The business origin of the B.B Pen Company dates from January of 1945 when a partnership under the name of the Ball Pen Company was formed and began the manufacture and sale of ball point pens. Thereafter the partnership was incorporated as the Ball Pen Company, and the corporation adopted the letters 'B.B' as the name and trade-mark of its ball point pen. The symbol 'B.B' was chosen by plaintiff because the writing surface was a small ball. The standard description of a certain size or grade of shot is 'BB' and the widely familiar use of BB guns and BB's by boys everywhere in the country helps to link 'B.B' with ball pens. Plaintiff's assumption was that 'B.B' would signify a small ball to the public, and the plaintiff's ball point pen would thus be clearly differentiated in the public mind from the older type of nib-point pen. The first sale of plaintiff's pen under the name 'B.B' was made on January 10, 1947. On January 16, 1947, the B.B Pen Company was incorporated and acquired all the rights of the Ball Pen Company in and to the name 'B.B'. The plaintiff operates principally as a wholesaler, selling its products to retailers, who in turn sell the pens to the purchasing public. In rare instances it had sold some of its pens for use for advertising the customer's business.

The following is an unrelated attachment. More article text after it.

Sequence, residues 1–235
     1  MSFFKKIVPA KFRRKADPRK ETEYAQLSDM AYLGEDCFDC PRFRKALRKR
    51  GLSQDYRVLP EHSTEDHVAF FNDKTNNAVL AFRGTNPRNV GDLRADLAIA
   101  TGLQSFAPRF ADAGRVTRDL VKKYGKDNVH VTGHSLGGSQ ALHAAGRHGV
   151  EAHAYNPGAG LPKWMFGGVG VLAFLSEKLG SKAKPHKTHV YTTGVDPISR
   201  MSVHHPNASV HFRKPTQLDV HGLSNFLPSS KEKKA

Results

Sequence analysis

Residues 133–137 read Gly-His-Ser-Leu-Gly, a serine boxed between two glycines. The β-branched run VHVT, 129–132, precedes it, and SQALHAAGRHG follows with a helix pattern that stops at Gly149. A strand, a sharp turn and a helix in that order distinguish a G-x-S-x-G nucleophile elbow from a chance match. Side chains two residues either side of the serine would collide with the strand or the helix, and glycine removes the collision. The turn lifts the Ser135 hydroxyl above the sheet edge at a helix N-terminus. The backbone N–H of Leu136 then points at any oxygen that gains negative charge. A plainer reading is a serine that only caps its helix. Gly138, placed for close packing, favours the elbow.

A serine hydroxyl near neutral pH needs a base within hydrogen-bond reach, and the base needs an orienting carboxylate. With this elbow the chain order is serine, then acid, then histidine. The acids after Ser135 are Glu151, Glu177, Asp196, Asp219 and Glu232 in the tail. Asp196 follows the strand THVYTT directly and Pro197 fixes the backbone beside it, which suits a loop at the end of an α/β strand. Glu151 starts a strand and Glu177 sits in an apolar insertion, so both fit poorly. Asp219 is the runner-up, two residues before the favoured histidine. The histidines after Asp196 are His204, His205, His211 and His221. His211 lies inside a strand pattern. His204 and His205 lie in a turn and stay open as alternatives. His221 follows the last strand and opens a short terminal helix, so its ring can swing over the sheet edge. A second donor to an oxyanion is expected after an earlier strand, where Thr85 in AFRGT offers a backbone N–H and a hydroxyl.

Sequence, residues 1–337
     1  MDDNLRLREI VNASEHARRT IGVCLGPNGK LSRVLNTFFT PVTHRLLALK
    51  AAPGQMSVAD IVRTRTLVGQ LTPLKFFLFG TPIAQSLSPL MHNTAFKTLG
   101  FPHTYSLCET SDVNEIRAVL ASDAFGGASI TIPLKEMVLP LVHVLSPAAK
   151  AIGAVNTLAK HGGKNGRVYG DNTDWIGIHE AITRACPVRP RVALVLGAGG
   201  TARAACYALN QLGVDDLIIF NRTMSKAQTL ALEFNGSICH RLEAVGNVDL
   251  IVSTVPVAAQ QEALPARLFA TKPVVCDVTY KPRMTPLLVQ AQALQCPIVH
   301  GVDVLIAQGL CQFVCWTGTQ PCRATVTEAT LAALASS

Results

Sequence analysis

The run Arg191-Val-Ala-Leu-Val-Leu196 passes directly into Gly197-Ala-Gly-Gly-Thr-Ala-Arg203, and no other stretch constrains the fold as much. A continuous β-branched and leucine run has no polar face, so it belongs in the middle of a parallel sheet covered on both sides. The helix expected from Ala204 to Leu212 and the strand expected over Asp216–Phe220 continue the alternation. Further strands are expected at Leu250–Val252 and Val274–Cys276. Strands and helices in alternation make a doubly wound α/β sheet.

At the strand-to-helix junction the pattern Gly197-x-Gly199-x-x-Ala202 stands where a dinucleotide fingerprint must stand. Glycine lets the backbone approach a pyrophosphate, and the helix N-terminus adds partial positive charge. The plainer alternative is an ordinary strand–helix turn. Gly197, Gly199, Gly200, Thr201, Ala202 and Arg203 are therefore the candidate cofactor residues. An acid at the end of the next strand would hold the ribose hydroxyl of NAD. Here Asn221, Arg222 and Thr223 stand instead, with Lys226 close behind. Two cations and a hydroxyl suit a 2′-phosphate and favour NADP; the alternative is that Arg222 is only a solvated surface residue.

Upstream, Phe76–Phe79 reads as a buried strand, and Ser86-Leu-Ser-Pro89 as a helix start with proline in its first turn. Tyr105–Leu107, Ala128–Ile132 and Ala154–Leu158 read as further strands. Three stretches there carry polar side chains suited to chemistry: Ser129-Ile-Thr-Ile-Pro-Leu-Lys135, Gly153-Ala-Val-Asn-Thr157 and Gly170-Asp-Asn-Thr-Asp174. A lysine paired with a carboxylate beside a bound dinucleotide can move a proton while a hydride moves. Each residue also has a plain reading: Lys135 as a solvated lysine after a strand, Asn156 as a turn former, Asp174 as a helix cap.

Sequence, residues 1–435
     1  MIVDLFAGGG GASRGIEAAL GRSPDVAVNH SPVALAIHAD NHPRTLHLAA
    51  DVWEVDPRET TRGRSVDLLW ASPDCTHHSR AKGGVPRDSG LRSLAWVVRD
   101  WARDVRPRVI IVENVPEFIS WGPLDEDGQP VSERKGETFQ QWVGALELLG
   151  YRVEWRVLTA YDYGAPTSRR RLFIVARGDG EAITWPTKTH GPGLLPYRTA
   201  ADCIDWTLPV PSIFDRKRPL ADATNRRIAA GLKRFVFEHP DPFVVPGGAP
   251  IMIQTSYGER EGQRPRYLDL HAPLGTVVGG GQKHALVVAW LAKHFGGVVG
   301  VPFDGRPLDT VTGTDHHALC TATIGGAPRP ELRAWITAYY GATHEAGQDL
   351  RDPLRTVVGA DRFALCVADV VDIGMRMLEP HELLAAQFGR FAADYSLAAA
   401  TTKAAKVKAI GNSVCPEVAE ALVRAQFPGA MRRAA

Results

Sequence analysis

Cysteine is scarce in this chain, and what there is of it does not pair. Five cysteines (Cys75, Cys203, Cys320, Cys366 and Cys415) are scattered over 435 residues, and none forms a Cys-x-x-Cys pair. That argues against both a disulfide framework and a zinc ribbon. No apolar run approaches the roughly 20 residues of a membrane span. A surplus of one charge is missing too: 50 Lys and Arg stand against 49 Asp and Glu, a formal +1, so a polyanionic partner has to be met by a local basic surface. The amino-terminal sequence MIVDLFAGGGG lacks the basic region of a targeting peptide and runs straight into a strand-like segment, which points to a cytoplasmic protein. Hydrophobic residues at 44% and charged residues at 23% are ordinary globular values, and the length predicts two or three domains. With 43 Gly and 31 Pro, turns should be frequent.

The B.B Pen Company knew of the appellant Brown & Bigelow, but when it adopted its trade-name 'B.B' it had no knowledge that Brown & Bigelow ever manufactured or sold a ball point pen, and plaintiff had no knowledge that Brown & Bigelow marked any of its products 'B. & B. St. Paul'. Plaintiff did not dispute the fact that Brown & Bigelow had been in business for many years prior to plaintiff's entering into its present business.